I “edit” a lot. I am a pretty good copy editor and proofreader—and do better with other people’s work than I do with my own. This skill is a left-over from long years of teaching Senior English at the local high school. Sometimes I still help former students with college papers and I’ve nurtured my step-grandchildren through several university writing classes. Once I helped a friend by copy editing an unpublished novel she wrote. However, I am not a good general editor and do not like to work with content or overall organization. Of course, that dislike helps my copy editing, as I don’t like to change meaning or to suggest how to move things around. What I like to do is make sentences clear, concise, and elegant. Amusingly–or sadly, whichever–I am better at helping others write clear, concise sentences than I am at generating same on my own.
When my son turned his dissertation into a book, I proof-read my way through four drafts. Since the content of his book was way, way above my “abstract” language and concept level, my task was to find stray commas and those annoying “the the” cut/paste errors that our eyes tend to slide over when we proofread our own work–and which spell check never finds. It’s kind of telling, I guess, that I read his book twice as a dissertation and four times in draft form and still struggle to tell people what his book is about—which is the Tibetan knowledge of levels of reality and the Noble Beings who inhabit those levels, from our earth level to the high, high realms of heaven. Trust me—this book is not bounded by Christian thinking about “going to heaven” after we die. It annoys Jim no end when I joke that the book can be summarized as “all are saved!” However, Tsong kha pa states in the book that everyone who sets his/her foot on the path can climb the Stairway to Nirvana.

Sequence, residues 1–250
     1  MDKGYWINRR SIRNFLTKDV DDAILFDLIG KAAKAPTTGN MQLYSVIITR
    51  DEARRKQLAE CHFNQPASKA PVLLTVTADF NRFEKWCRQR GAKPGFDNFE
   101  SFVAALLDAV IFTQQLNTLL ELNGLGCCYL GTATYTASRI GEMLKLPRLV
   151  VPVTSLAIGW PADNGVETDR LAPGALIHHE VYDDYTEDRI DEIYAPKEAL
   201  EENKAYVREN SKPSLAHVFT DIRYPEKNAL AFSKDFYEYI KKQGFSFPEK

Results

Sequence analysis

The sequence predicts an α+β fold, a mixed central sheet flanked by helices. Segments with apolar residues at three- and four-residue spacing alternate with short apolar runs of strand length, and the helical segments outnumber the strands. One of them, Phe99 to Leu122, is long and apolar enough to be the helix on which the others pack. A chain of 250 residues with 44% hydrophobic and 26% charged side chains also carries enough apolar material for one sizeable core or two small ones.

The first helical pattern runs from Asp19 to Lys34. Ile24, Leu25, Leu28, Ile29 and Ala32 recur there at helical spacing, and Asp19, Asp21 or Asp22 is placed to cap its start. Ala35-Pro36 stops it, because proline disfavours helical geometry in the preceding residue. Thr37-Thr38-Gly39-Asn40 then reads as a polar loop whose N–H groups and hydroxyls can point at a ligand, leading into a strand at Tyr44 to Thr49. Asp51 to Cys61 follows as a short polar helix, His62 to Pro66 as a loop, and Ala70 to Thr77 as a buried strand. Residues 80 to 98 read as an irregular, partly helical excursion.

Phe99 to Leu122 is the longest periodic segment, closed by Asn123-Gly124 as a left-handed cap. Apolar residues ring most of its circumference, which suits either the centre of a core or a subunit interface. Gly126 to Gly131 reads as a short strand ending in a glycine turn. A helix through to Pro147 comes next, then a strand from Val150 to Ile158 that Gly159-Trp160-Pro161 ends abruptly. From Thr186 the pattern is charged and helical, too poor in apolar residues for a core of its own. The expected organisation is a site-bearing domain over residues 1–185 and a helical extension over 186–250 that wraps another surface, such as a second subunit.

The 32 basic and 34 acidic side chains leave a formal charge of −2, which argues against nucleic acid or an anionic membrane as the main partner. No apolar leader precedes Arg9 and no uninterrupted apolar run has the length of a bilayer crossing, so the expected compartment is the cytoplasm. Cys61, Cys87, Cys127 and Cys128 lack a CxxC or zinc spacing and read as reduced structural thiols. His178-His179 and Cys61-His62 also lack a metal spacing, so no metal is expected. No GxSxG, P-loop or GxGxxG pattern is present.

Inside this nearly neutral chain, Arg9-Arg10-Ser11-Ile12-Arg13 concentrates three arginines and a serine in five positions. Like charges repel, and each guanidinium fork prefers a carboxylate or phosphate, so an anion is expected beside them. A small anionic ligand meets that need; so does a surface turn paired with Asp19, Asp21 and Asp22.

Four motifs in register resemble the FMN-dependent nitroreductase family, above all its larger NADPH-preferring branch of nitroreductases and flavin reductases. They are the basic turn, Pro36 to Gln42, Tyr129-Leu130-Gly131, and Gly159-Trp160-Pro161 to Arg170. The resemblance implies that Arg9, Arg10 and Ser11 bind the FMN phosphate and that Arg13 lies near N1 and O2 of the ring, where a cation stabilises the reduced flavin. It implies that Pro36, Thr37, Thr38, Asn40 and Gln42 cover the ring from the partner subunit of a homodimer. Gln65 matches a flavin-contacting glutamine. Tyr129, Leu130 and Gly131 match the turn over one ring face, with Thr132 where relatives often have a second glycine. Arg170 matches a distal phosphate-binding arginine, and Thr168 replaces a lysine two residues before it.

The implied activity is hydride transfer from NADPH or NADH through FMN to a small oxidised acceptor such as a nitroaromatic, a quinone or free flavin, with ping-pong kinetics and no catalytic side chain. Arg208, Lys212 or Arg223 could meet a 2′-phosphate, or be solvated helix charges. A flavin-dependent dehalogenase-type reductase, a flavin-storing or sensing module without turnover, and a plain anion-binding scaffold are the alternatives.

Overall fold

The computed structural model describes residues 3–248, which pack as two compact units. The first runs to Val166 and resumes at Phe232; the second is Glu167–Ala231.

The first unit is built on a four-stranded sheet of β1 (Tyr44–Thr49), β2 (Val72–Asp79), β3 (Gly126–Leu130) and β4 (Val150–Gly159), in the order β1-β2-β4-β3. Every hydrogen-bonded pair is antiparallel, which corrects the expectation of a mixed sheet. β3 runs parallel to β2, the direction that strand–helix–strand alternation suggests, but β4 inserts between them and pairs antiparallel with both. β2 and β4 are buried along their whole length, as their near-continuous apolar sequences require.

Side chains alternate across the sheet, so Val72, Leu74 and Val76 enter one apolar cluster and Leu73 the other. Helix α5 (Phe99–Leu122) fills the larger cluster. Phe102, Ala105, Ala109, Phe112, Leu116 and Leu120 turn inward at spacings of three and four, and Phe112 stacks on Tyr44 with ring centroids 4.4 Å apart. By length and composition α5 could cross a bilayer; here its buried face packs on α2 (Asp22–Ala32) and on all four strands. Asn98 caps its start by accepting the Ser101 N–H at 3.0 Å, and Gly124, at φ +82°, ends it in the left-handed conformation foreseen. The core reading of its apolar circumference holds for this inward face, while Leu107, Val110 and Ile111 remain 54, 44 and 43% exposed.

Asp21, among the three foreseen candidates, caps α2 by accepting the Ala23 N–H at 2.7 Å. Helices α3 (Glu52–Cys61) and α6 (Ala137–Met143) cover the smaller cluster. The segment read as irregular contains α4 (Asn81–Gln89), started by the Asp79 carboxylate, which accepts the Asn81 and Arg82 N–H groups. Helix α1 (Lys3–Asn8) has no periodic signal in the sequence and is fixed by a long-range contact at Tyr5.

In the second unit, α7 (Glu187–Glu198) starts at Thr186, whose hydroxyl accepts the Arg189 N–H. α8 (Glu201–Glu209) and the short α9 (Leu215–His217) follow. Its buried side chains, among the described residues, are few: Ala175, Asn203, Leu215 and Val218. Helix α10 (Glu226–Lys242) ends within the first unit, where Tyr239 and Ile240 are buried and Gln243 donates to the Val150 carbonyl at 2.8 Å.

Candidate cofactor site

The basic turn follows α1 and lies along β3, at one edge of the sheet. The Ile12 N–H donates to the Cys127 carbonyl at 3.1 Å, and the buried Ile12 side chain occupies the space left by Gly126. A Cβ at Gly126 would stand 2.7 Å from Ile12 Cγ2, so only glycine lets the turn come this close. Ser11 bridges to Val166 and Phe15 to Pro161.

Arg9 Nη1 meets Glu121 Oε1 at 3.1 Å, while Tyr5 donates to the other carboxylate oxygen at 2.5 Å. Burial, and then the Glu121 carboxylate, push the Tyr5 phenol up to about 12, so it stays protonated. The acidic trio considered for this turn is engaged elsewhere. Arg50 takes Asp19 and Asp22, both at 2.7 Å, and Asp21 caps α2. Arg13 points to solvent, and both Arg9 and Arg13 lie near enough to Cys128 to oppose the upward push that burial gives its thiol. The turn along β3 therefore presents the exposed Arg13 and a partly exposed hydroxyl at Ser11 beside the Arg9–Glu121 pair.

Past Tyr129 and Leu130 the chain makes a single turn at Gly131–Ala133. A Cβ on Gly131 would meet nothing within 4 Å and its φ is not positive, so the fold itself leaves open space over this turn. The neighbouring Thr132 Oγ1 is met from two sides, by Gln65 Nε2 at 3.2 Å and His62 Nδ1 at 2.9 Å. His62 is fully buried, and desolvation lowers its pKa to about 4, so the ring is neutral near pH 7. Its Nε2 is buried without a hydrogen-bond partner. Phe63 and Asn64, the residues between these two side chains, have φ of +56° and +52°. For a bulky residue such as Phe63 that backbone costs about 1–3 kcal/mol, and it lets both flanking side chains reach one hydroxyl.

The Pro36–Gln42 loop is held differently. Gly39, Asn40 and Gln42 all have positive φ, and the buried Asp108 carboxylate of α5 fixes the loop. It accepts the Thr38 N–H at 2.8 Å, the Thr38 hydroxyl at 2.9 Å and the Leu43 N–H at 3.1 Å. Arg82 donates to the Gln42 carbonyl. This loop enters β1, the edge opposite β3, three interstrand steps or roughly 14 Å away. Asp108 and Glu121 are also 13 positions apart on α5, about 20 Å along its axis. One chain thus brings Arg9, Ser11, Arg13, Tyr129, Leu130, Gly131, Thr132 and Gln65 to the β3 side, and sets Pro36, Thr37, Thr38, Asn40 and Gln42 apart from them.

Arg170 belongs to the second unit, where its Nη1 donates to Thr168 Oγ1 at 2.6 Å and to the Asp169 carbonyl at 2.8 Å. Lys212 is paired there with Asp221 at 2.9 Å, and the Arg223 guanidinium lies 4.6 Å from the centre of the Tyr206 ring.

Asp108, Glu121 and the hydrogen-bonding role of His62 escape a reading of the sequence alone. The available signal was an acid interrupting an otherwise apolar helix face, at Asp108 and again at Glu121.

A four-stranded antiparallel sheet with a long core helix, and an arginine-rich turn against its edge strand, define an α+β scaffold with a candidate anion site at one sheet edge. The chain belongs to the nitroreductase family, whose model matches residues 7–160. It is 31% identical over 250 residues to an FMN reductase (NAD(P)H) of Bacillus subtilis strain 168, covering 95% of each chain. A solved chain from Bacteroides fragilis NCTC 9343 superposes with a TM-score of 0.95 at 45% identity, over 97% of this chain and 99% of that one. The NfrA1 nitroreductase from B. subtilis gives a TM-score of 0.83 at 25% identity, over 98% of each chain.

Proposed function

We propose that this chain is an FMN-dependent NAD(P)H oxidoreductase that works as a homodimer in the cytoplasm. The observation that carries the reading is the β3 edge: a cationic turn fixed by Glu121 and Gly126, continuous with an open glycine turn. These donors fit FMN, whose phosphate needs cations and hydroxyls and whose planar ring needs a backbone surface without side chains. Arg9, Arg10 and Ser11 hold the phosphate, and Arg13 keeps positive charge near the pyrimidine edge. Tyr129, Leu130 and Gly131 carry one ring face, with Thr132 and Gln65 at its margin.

One aspect of editing that I truly enjoy is working with my daughter-in-law, who has a PhD in Chinese and Japanese Buddhism. She also has a master’s degree in Japanese literature, so it’s fun to work with her, though her levels of literacy are far, far above mine. She worked her way through four drafts of her dissertation, writing in Japanese and then translating it into English. Japanese does not translate smoothly into English and my task was to show her how to smooth out her sentences into highly literate English and to help her select English words with the correct connotation. I help her by proofreading works that she publishes or presents in English, a task I truly enjoy because she writes about fascinating topics. For example, she presented a paper at a conference about the writings of a 5th century Chinese Buddhist teacher on fasting and and proper eating. Right now we are working on presentations about the history of Japanese Buddhism, another fascinating topic. My daughter-in-law is my hero; she overcame enormous obstacles in earning her Ph.D. and she continues to write and teach in the language of her adopted country, not her birth country. I have barely mastered literary English and I cannot read or write in any other language.